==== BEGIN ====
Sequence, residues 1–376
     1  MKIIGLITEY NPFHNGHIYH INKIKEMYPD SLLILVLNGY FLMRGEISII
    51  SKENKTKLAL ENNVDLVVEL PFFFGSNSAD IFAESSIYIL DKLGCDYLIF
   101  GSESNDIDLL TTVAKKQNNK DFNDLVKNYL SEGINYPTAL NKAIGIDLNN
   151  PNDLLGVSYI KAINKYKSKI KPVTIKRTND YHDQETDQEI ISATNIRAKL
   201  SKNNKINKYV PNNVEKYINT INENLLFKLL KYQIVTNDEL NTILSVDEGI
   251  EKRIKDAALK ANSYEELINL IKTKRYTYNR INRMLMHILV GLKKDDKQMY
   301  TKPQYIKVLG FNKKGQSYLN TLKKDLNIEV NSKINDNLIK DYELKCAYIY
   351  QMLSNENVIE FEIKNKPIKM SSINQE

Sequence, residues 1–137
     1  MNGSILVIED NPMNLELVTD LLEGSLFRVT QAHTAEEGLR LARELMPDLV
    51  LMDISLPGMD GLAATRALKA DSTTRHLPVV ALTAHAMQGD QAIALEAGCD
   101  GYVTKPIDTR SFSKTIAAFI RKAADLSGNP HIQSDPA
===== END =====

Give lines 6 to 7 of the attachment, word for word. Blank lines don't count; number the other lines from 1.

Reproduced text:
   201  SKNNKINKYV PNNVEKYINT INENLLFKLL KYQIVTNDEL NTILSVDEGI
   251  EKRIKDAALK ANSYEELINL IKTKRYTYNR INRMLMHILV GLKKDDKQMY